Using resolver and cache for NSAS needs


Currently, the NSAS builds its own copy of data, both because it is easier to look up data by following pointer and having all known IP addresses there as a vector than scanning the cache and because it should be faster and provide place for custom-NSAS-optimisations. Furthermore, call to NSAS will be much simpler, because the only needed parameter is the name of the zone.

But to have the structures, the data must be obtained, in a simple way.

Original design

Original design was to provide the referral information (authority and additional sections) together with the zone requested. While anyone that knows the name of the zone probably knows them as well, because both is from referral response, the cache might contain better data than the referral. Furthermore, the additional sections do not need to contain all IP addresses (for example with out of zone nameserver), so we need to be able to look up data anyway. And the lookup might be a CNAME. In short, this doesn't sound like a simple approach and has the problem of using unauthoritative data even if the cache has authoritative.

Asking the resolver for everything

The newer idea is to ask the resolver for any information we need. If someone asks us to choose an IP address of, we simply query the resolver for NS records for and then, when we get them, for A and AAAA records for the nameservers (currently only up to 2 of them and we deffer more requests for when they are answered). Then we build the structure and answer.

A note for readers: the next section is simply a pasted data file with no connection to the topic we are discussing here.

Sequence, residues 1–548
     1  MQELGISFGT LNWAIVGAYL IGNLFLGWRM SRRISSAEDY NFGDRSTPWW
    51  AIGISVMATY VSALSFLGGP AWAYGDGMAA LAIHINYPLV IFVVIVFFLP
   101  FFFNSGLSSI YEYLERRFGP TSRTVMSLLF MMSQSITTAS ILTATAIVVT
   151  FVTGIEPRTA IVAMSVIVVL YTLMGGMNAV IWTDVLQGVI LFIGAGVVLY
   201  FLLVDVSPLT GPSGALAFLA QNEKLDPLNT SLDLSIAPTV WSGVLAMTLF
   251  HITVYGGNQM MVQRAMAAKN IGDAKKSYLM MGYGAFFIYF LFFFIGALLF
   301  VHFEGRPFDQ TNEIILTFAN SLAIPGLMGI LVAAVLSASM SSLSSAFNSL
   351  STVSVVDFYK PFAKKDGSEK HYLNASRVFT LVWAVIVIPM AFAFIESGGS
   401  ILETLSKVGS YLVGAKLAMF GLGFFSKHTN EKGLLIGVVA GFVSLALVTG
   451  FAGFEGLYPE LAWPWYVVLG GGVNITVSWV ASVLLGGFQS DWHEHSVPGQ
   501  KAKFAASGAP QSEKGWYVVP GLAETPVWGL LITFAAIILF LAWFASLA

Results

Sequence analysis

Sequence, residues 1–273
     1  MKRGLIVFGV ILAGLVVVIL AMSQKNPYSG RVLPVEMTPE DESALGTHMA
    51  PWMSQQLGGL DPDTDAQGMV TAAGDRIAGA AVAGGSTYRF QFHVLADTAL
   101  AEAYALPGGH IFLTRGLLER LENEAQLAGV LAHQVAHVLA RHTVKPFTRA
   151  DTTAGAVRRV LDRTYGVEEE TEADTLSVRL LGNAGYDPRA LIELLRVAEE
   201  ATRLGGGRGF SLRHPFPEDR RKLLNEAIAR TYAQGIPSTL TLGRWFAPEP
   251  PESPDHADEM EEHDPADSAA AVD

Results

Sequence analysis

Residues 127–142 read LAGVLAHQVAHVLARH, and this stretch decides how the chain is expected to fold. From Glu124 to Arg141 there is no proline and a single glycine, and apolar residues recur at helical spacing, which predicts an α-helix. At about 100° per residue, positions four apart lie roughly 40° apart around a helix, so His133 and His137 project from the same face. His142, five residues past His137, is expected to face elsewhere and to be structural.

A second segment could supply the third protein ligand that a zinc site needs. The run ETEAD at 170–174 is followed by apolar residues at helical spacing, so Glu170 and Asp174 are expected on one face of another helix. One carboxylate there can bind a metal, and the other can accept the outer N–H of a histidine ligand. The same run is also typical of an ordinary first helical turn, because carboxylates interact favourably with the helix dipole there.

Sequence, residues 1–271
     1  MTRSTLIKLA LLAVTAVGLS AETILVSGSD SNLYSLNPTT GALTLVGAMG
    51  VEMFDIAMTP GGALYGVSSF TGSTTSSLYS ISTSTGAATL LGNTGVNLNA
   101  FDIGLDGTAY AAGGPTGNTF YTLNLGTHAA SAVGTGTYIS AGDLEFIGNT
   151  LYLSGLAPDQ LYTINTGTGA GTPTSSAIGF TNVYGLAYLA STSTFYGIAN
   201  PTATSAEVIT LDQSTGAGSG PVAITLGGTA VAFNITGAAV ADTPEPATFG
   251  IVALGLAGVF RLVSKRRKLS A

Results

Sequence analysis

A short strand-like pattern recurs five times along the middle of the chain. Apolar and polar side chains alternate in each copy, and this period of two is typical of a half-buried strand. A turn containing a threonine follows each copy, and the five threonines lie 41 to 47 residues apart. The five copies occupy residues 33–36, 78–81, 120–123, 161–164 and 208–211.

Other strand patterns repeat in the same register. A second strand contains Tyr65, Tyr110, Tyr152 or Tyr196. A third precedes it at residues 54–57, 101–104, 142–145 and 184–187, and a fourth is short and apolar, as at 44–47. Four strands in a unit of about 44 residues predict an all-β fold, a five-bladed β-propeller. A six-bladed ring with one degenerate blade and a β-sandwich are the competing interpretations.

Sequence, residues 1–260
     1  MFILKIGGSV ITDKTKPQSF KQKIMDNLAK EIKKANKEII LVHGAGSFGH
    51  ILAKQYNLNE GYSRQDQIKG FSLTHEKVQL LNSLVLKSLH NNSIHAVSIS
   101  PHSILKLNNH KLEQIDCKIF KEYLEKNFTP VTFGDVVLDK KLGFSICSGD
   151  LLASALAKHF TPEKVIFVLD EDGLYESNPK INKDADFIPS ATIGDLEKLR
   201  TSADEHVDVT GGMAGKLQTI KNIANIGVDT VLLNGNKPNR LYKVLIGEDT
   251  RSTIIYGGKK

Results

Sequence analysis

This has the great advantage of NSAS not ever needing to parse any messages or sections itself, is simple, if the cache holds authoritative data, it is preferred over the referral data, which are not authoritative, the resolver knows how to solve CNAMEs and DNAMES and we do not need to care about if the data arrived already and is in the cache or we will do a remote request.

However, described this way, it does not work, because there are some problems.

The recursive problem

The usual situation is that the one asking us to provide an IP address is the resolver. So it tells us to give it an IP address of some nameserver of Because we do not know yet, we ask the resolver to give us NS records of And the resolver will ask us to provide the IP address of, to ask what its nameservers are. This does not loop infinitely, as the entry exists and is marked as IN_PROGRESS (waiting for data), so the callback is just stored. But we do not get any data and, worse, we do not timeout, because timeouts are on network operations, not on running code, and nothing here communicates by a network, so it does not create timeouts. This might even lead to cyclic data structure with shared pointers, which will not get released.

The one saving the day is the cache. Assuming it stores anything that goes by, including data from additional and authoritative sections, the resolver does not ask us for IP address, but provides our answer directly from the cache. So this way it works in the usual situation.

Still, it is not bullet-proof. There might be a zone with single nameserver which does not have any IP address. In that case it is unreachable, but the cache can not assume anything from seeing empty additional section. So it does not know there are no IP addresses, so it will not provide them and the resolver will try to fetch them, asking us for IP address.